Through the course of this litigation, State Auto has narrowed its declination of coverage to four bases: (1) the policy was issued to Schuylkill Stone, which is now defunct, and the policy did not transfer to Environmental Materials; (2) even if the policy is valid, the Wallach plaintiffs' claims for property damage and bodily injury do not amount to an insured "occurrence" because their claims for faulty workmanship--a contractual, not tort, claim--cannot be considered an "accident," which the policy defines to constitute an "occurrence"; (3) Schuylkill Stone's claims are barred under the "Contractual Liability" provision, which excludes coverage for contractual damages that Schuylkill Stone agreed with Quaker to assume; and (4) the damage to two of the four homes Schuylkill Stone worked on manifested after the policy coverage period.
Schuylkill Stone argues that none of these bases is valid. It further argues that not only did State Auto decline to provide a defense for incorrect reasons, it did so in bad faith. The Court will address each of State Auto's reasons for declining coverage, and then address Schuylkill Stone's bad faith claim.
1. Whether the State Auto Policy is Valid
On October 30, 2002, Schuylkill Stone sold its assets to Stone Acquisition, LLC, which was a 100-percent owned affiliated entity of Environmental Materials and established specifically to facilitate the purchase of Schuylkill Stone's assets. One of Schuylkill Stone's assets acquired by Stone Acquisition was the State Auto insurance policy. (Pl. Ex. A at 3.) Stone Acquisition then merged into Environmental Materials, and Environmental Materials continued to carry out the business of Schuylkill Stone.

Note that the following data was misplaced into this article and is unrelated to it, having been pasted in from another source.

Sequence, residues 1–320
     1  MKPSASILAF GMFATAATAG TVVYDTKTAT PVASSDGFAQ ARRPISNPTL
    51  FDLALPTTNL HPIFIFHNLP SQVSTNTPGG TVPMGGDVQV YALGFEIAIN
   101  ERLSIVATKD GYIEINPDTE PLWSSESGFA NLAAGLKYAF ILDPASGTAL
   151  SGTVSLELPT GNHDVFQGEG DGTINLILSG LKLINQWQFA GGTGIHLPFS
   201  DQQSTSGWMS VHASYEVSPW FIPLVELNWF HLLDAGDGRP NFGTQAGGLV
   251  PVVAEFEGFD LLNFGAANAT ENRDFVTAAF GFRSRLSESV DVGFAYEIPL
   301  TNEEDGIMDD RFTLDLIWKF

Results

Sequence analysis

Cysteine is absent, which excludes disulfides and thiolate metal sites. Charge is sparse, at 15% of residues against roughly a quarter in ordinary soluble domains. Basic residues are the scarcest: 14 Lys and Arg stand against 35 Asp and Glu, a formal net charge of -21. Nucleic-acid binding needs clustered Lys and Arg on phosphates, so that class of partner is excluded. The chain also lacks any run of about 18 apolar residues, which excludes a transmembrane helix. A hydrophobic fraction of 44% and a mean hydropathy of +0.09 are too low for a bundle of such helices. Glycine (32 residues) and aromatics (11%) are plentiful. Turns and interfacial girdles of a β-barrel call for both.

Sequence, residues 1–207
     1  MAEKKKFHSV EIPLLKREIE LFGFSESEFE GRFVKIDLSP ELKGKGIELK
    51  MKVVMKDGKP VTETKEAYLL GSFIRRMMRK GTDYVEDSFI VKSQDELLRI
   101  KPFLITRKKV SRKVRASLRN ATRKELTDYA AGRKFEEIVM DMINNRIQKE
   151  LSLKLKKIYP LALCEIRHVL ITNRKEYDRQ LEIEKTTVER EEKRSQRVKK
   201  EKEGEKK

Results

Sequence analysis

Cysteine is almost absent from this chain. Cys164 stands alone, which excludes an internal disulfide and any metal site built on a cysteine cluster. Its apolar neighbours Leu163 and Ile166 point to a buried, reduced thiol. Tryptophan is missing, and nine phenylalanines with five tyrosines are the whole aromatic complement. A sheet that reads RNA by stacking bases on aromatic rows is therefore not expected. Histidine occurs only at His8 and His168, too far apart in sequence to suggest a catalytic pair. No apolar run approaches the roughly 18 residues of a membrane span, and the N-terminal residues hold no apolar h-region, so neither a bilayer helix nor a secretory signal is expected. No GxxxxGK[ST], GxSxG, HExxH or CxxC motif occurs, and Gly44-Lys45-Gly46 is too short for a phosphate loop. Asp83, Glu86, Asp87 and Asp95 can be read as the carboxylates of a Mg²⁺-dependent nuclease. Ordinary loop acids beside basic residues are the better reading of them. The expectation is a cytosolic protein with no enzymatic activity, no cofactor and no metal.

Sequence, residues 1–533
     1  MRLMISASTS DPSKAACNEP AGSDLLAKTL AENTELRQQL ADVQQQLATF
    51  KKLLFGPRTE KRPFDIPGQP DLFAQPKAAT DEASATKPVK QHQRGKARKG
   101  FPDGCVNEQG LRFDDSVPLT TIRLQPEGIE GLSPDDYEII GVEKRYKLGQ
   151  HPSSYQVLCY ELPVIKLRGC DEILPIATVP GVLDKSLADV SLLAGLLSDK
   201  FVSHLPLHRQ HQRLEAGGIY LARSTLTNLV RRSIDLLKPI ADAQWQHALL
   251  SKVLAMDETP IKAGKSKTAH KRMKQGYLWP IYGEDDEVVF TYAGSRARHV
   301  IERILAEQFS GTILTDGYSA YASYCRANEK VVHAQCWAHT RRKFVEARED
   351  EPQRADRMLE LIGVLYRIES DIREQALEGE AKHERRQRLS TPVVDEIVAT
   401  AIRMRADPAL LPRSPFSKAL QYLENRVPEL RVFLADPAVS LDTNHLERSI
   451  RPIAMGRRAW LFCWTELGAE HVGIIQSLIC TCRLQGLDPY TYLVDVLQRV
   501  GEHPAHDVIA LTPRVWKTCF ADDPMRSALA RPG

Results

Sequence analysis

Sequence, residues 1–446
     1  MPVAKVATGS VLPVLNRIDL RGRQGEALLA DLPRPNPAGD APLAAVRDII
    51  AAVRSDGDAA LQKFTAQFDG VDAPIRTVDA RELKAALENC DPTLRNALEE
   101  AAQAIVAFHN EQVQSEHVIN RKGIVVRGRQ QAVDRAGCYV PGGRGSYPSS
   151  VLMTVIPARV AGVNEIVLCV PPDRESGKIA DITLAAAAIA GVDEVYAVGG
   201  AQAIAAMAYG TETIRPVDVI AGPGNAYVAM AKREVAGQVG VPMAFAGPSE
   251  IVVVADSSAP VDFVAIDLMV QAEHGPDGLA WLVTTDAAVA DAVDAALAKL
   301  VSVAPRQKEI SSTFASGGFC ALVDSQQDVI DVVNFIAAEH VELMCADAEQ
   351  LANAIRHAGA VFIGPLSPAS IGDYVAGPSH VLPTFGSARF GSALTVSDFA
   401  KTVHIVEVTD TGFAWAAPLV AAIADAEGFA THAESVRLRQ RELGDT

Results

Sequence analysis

State Auto contends that the insurance policy prohibited such a transfer. It also argues that because the transfer of the policy was not a result of a merger or consolidation, and therefore not properly assigned to Environmental Materials, the policy coverage extinguished when the entity Schuylkill Stone officially dissolved in June 2004.
State Auto's position is unavailing. Even though the policy contains a clause that states, "Your rights and duties under this policy may not be transferred without our written consent," a clause such this is invalid where an assignment of the policy has been made after the insured's right to payment has already accrued. The Pennsylvania Supreme Court has explained,
Generally, non-assignment clauses are included in insurance policies for the protection of insurers. Such clauses are designed to guarantee that an increase of the risk of loss by a change of the policy's ownership cannot occur without the consent of the insurer. Because non-assignment clauses limit the amount of risk that the insurer may be forced to accept, courts will generally strike down an insured's attempt to assign its policy to a new insured. Consistent with the general purposes of non-assignment clauses, however, courts are reluctant to restrict the assignment of an insured's right to payment which has already accrued. Therefore, because an insured's right to proceeds vests at the time of the loss giving rise to the insurer's liability, restrictions on an insured's right to assign its proceeds are generally rendered void.
Egger v. Gulf Ins. Co., 903 A.2d 1219, 1227 (Pa. 2006) (quoting Continental Cas. Co. v. Diversified Indus., Inc., 884 F. Supp. 937, 948 (E.D. Pa. 1995) (discussing Nat'l Mem'l Services, Inc. v. Metro ...